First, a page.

Returning the shout-out

Holy carp! I just got a shout out to this blog from Dr. David Schindler in his recent op-ed found in the Royal Society of Canada spring 2014 update. What a pleasure to know he’s among the readers of this site. It’s only fair that I return the favour, you can read his discussion piece here:

https://rsc-src.ca/en/about-us/our-academies/academy-science/spring-2014-update#Schindler

In a nutshell, Schindler discusses the recent events around the Experimental Lakes Area within the context of the general decline of federal science (and democracy in Canada) under the current government. It’s well worth the read. Among my favourite passages is this:

“As F.R. Hayes, the Chairman of the now-defunct Fisheries Research Board of Canada, astutely predicted in his book on the history of the FRBC, The Chaining of Prometheus, managers in the civil service “will slyly slip sawdust into the oats of the research donkey until the animal becomes moribund.” As described below, under the Harper Government, the diet of DFO’s current research donkey appears to contain no oats whatsoever. It is high time that research to underpin environmental policy is once again done at arms-length from the political process, as it was under the Fisheries Research Board.”

Hear hear.

The other strategy that seems fully rampant under the current leadership is to keep the donkey tied to a post and walking in circles so that he can’t get at the oats (or sawdust) at all- filling out endless reams of paperwork and watching it creep it’s way through the administratosphere for approval to perform seemingly simple tasks, like seeking travel approval, requesting library books, trying to staff positions, publication approval… issues that are also well summarized by a recent anonymous comment on this blog.

 

 

A call for contributors

passingthetorch

Passing the bunsen burner. Send me your rants on behalf of Canadian government scientists.

If one can blush on a blog, this might be what it looks like.

After posting my adieu blog last night, I was lucky enough to receive the following message, anonymously, over my contact page today:

“You’ve developed an incredibly valuable brand. Instead of letting the brand die, become its executive director and editor-in-chief. There are many out there who could be contributing content, if they felt safe doing so. You’ve been doing all the heavy lifting for a year and a half. Time for the community to start helping you.”

Aw shucks.

I will admit I had initially considered handing the blog off to the next person pissed off enough about the current situation in government science as I was (am), but was worried about doing so in a fashion that wouldn’t result in giving it to the wrong person and watching them hit “delete” on the whole site. So, I figured just letting this sit here in testament to my observations and outrage over the past one-plus years was better than nothing. Clearly, I can’t make too much more contribution on my end without looking disingenuous, as I’m no longer on the inside, but keeping this blog going with contributions from others is something I’d happily do, and maintain an outlet for the word to get out.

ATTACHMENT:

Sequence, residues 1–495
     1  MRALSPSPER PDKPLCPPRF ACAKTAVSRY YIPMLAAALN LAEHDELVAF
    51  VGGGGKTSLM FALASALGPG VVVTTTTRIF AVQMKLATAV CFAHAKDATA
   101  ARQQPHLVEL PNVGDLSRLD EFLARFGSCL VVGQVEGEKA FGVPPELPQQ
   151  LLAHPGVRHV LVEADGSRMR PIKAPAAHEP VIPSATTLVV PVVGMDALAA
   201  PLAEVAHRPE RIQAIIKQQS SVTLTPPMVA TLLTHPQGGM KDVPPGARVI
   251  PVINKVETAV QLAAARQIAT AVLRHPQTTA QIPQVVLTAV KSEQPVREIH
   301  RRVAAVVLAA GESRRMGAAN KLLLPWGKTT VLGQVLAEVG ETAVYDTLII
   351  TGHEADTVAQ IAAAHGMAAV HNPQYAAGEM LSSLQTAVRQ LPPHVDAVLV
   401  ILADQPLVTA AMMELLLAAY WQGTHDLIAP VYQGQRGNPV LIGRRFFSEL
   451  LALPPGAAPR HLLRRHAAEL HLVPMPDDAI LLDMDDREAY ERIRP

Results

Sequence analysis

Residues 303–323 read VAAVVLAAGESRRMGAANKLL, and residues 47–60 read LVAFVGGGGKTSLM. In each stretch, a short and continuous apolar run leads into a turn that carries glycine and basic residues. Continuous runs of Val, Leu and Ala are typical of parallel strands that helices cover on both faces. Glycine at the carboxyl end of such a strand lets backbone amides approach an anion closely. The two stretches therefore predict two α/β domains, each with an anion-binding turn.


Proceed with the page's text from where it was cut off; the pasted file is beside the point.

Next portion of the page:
I have in the past been lucky enough to receive a few guest contributions (see here and here), so if I can keep this going with contributions from others, I’ll be happy to. Anyone can contact me safely and anonymously through the contact me page (no e-mail address required, or just type in a bogus one), and I’ll be happy to consider your contributions for posting here.

Thanks to those who have contacted me to encourage me to keep this page alive. Now, to my former colleagues in the public service: the rest is up to you.

Career advice from a government science ex-pat

One of the earliest posts I wrote generated this comment, asking about my perspective on career advice in the public service vs. other outlets for scientific research.

The main question was: would I recommend new graduates focus their job search toward private/industry research, versus government research? The short answer is, I don’t have a lot of experience doing private or industry-embedded research, so I’ll say right now that I am not qualified to make that comparison. Instead, I’ll turn the question a bit, and answer this: would I recommend that new graduates in fisheries or aquatic science consider a position in the public service, specifically with Fisheries and Oceans Canada?

Good question. One might guess from reading the many entries on this blog that perhaps I am challenged by the prospect of continuing on in the public service, let alone recommend it as an option to someone else. [NOTE: from the perspective of the postdoc working in the public service, see the guest post that a colleague of mine wrote here last year].

Let me try and frame my answer in the most positive light possible. When I look around me, many of my colleagues have succeeded as government scientists *despite* the barriers and issues they have faced in the past. New barriers are emerging, but I suspect that the same ones that have found past success will continue to do so in future. In large part (and I think most of whom I am thinking of would agree with me), the success of these folks depends on their ability to “find ways” to make things work around the barriers; get the science done *in spite* of the thousands of forms and rules and micromanaging. I have tremendous respect for my colleagues who are able to maintain these successful programs, despite the barriers they face.

So, if you are particularly tenacious, and perhaps looking to find an exceptionally difficult path from A to B, then a job with DFO science is a challenge I would definitely recommend. In all seriousness, the future of good government science relies on folks with that kind of attitude who are willing to take that challenge on. My fear is that many of my colleagues are just getting fed up of the barriers, and either giving up, retiring, or looking elsewhere. I now count myself among them.